Saturday, November 17, 2007

Speak for those "living in the shadows"

The poor are invisible in the U.S.

That's why the non-poor -- people with a job and car and house and (one hopes) a conscience -- need to "speak on their behalf," according to Jon Laughlin, pastor of Grace United Methodist Church in Cheyenne.

Laughlin spoke to the monthly gathering of the Democratic Grassroots Coalition last Thursday at the library. It had been a challenge to decide how to spend that evening. Across town, the YMCA was hosting a talk by Laramie writer RoseMarie London. The TV called with the Democratic Party debates out of Las Vegas and new episodes of "The Office" and "30 Rock."

But I went to the meeting because of Laughlin and the fact that it was the night when we gathered canned and boxed goods for holiday distribution at the Salvation Army or the COMEA House.

Laughlin spoke of ways to get the attention of elected officials on behalf of the poor and homeless. A few winters ago, he attended a meeting of the city council where the plight of neighborhood street lights was on the agenda. The council wanted to put another million dollars into the lighting budget. Laughlin had another idea. He suggested that council members could use that money for street lights. If they did, however, could they make sure that the lights were built closer to the ground so that a homeless family could huddle underneath to keep warm. His point made, he requested that the money would be better spent on funding for housing vouchers or the energy assistance plan that helps the working bill pay their heating bills. The council agreed.

Just one example of how we can serve as the voices for "those people living in the shadows all over this community."

Mike Bell, chair of the Laramie County Democrats, suggested another way to assist the poor this holiday season: have dinner with them. COMEA House and St. Mark's Episcopal Church at 1908 Central Avenue will hold a Thanksgiving dinner "with" the homeless on Nov. 22. The problem with most holiday dinners for "the needy" is that the volunteers come out to cook and ladle out the food to their fellow humans, but then they sit on one end of the room and the needy sit on the other. At the St. Mark's feast, everyone will sit together family-style. And dinner guests, homeless or not, will have the opportunity to prepare their own favorite recipes for the feed.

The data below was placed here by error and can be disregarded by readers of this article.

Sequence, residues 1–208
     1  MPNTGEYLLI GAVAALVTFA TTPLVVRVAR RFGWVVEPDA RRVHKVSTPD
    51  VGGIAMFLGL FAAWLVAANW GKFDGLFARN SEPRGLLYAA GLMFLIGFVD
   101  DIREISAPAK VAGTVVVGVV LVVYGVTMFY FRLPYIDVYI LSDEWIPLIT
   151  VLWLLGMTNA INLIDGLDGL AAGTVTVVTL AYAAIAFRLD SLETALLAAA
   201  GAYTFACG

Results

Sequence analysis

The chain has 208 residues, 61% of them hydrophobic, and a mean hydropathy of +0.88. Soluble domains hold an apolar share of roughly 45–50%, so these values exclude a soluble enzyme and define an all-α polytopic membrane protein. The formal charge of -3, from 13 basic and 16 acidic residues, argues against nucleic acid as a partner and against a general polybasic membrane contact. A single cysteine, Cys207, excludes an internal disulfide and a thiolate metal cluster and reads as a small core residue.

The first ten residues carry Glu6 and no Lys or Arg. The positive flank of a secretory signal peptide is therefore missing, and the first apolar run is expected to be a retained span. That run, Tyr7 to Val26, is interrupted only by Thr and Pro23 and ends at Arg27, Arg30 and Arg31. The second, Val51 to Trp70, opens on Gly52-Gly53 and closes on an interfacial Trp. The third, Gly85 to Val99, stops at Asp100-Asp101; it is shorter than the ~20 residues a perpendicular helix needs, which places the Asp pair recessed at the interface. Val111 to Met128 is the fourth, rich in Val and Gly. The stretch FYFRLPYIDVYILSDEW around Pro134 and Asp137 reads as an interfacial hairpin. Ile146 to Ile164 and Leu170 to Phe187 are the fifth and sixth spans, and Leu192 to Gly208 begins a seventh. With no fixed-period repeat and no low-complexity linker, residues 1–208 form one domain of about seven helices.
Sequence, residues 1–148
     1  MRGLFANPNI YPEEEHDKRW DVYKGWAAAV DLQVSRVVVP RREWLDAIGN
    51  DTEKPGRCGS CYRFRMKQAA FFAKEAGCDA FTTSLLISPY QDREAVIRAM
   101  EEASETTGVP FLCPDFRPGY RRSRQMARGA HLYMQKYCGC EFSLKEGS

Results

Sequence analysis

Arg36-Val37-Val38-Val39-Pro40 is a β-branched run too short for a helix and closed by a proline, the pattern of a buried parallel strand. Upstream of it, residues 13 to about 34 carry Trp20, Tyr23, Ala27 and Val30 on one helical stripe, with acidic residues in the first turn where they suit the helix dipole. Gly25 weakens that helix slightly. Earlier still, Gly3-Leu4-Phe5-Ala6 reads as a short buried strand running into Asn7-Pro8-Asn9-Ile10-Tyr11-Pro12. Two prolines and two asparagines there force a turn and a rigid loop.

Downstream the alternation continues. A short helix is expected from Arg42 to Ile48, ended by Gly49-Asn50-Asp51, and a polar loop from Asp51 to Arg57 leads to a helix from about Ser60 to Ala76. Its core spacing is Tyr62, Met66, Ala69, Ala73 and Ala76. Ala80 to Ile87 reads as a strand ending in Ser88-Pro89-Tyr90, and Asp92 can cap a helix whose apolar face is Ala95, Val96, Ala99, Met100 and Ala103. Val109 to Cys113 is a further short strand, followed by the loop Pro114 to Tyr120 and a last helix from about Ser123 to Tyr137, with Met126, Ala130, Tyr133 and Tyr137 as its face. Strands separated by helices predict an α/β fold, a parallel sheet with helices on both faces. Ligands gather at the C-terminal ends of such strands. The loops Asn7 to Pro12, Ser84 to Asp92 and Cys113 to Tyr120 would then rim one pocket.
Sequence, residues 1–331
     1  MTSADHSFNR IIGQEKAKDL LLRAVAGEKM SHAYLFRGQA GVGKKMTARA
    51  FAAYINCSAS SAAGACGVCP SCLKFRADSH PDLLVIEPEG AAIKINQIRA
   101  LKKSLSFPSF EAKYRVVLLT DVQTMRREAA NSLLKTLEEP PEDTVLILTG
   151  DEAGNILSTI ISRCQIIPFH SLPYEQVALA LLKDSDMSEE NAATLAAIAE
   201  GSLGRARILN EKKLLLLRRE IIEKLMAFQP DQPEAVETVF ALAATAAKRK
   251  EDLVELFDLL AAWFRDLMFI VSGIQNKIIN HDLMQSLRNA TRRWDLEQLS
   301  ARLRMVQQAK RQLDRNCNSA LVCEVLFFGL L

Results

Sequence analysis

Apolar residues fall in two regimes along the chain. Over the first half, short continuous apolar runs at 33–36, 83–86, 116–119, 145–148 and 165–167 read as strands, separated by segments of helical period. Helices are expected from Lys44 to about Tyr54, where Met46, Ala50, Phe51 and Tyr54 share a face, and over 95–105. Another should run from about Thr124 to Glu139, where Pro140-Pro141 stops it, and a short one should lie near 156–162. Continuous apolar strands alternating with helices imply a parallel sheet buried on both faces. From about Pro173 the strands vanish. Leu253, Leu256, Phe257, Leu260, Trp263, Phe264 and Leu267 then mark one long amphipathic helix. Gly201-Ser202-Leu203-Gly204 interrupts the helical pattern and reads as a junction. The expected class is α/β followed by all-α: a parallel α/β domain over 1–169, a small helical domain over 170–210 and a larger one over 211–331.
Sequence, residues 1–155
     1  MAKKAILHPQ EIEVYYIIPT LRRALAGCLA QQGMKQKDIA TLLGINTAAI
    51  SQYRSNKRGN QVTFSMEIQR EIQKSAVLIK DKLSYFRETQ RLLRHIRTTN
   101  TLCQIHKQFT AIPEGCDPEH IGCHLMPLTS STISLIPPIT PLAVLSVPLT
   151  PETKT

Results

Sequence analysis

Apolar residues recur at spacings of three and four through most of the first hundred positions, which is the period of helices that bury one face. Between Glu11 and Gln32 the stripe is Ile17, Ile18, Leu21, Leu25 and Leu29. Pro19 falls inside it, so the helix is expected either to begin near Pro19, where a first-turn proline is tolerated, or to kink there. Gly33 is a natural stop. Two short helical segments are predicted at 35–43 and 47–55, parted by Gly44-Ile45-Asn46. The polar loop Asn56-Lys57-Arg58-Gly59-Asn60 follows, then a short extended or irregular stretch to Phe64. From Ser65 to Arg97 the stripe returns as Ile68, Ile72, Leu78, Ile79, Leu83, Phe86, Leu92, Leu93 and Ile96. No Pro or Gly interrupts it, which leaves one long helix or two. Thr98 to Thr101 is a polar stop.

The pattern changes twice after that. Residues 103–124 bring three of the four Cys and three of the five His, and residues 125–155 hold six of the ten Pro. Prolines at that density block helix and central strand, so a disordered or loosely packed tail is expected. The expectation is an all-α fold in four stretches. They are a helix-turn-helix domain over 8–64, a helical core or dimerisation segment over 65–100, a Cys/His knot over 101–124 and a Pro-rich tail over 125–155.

Sounds good to me. If you're interested in taking part, call Faye Mills at 514-3488 or St. Mark's at 634-7709.

When asked to name the top-five action items for the Dems to take out of Thursday's meeting, Laughlin reeled off these: 1. affordable housing; 2. affordable daycare; 3. availability of medical care; 4. a livable wage. He couldn't think of a fifth item, but figured that all of us would be plenty busy with these four items.

Involvement is the key. He acknowledged that he was a registered Democrat. "If you want to know whether people are Republicans or Democrats, watch how they treat (or talk about) poor people," he said. While Democrats often fall short in this regard, they at least have a domestic agenda that promotes the priorities named above.

"Nothing happens on the other side," he concluded.

With Thanksgiving (and lower-case thanksgiving) in mind, here's part of a poem by Ralph Waldo Emerson:

For each new morning with its light,
For rest and shelter of the night,
For health and food, for love and friends,
For everything Thy goodness sends.

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